Monday, March 19, 2012

First Day in the 2012 Garden

There isn't a whole lot going on in the backyard in March, but with the highs consistently in the 70's for a few weeks (what, global warming?) we had to get out into the garden to do some work. Here's how the garden looked before we started to wake it up from its winter nap yesterday.

The garlic, however, seems to have woken up on its own just fine. This is great, as it's the first year I've planted garlic and I was concerned that I hadn't planted it in optimal soil conditions.

The day's work included weeding one of the garden beds. Grass seems to find its way from the paths to the beds constantly. We've got a project underway to take care of that, but that's for another blog post, when we're hopefully much further along.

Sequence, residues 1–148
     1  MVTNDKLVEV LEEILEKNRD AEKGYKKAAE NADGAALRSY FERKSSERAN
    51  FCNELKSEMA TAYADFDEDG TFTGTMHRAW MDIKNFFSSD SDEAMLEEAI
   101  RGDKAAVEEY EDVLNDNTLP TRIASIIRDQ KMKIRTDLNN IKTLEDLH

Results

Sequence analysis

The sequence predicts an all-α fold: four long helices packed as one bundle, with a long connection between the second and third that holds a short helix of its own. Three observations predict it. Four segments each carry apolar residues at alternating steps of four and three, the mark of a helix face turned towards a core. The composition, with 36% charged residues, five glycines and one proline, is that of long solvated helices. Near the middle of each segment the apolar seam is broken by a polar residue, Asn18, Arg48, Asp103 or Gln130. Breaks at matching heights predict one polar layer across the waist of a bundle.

After weeding what I could see, I removed our winter "comforter compost" (just a covering of last fall's yard waste) from half the bed and found some more grass and weeds. After quickly taking care of them, it was off to find the compost.

We have a compost pile against the fence at the back of our garden, but I haven't been very good about turning it and I don't currently have a screen to sift it. So, much of this year's compost will be purchased. I covered a 4' x 8' section of one bed with three 3/4 cubic yard bags of composted manure. I didn't even mix it in; just arranged it on top. Over time, the rain will seep through and mix the compost into the soil. Also, the soil is still a little wet, so the inch or so layer of compost gives me some soft ground to plant in.

Speaking of planting, I decided I couldn't waste this great weather and had to experiment by planting some of my cool-weather crops, which I normally wouldn't plant for another month. This year I'm using the square foot gardening method for most of my beds. Last year I planted in rows, and I felt like I wasted a ton of space. Since I'm new to this, I wanted a physical reminder of what a square foot looks like. I got out some twine and a staple gun and created a square foot grid.